Rubies are naturally occurring gemstones. They get their rich red color from the trace element chromium. The more chromium present, the brighter and redder the ruby. These gemstones can fetch a high price, as they are rare and valuable.
Less common than rubies, red tourmaline is another precious gemstone. You’ll find red tourmaline used in jewelry, but it’s not as expensive as rubies.
Garnet is another well-known precious stone and an alternative to rubies. There’s evidence that garnet has been used for jewelry since the Bronze Age. This stone is hardwearing, so it’s also used as an abrasive.
Red zircon is another beautiful gemstone with a rich, red color. Its transparency and vibrancy make it a popular choice for necklaces and rings.
Cinnabar is a red ore containing mercury, also commonly called vermilion. Its scientific name is mercury sulfide.
These curious creatures are often found in tide pools and shallow ocean areas. They often have a reddish-orange color, although they also come in other colors. Fun fact: Starfish are not actually fish but marine invertebrates.
Lobsters are well known for their distinctive bright red coloring. There’s a reason why we say ‘as red as a lobster.’ But interestingly, most lobsters only turn red when cooked. The majority are brown, although you can also find white, orange, and even blue lobsters in nature.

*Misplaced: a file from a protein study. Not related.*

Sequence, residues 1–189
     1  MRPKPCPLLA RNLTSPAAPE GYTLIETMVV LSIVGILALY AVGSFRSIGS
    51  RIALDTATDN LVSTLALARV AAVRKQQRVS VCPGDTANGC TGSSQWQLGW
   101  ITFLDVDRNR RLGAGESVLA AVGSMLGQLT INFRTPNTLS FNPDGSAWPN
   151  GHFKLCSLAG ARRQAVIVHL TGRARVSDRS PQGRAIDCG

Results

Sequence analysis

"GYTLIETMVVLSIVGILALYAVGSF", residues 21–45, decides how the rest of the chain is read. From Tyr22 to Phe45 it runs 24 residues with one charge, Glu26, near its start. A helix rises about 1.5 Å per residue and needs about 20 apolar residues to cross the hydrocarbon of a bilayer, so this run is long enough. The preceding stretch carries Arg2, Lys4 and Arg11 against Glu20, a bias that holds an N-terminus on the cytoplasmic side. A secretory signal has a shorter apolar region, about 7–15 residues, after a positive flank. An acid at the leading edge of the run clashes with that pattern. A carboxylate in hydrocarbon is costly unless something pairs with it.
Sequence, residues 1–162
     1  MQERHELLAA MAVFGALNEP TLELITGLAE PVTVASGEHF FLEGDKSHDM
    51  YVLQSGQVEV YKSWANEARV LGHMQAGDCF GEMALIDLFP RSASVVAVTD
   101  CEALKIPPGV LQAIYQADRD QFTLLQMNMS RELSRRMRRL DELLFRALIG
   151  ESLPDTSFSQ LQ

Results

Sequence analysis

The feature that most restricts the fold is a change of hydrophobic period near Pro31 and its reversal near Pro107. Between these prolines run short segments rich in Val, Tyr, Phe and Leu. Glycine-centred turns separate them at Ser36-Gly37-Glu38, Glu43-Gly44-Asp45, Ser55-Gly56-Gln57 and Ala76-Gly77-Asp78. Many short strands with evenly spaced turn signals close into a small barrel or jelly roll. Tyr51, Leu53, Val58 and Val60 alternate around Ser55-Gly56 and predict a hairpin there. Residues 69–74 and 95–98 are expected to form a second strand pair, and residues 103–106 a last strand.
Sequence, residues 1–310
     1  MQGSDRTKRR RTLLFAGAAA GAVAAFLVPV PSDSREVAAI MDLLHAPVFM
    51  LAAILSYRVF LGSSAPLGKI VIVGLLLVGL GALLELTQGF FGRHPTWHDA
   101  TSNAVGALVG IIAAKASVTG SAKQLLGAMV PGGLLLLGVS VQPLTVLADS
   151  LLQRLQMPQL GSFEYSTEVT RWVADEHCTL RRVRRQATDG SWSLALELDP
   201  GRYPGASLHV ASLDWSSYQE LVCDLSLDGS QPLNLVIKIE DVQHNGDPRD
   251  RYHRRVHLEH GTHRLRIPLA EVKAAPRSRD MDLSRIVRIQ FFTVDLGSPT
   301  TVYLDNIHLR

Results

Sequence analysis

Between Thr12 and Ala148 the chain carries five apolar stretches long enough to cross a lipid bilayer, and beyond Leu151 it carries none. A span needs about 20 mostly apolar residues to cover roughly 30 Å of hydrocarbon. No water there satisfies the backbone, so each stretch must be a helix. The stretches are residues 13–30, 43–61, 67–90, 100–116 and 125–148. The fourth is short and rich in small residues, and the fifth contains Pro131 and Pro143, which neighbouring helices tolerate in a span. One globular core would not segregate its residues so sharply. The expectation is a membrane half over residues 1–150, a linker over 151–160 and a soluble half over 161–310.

In comparison with lobsters, the red crab has a true red coloring (including when alive). There are many crabs, but some red varieties include the Christmas Island and the Red King crab. While the latter is edible, Christmas Island crabs are not.
I couldn’t put together this list without mentioning fire. Humans have been creating fires for heat and cooking as far back as memory goes. But the orange and red flames are also powerful and mesmerizing.
There’s nothing as moving or romantic as watching the sunset. Watching the sky transform from blue to red, pink, and orange hues is incredible. Curious about why this happens? You can read the science behind why sunsets turn the sky red here.
The Planet Mars
You may have heard the planet Mars referred to as the red planet. That’s due to its distinctive reddish hue created by iron oxide particles on its surface. It’s possible to see Mars without a telescope. It looks like a red star in the sky, so it’s easy to spot.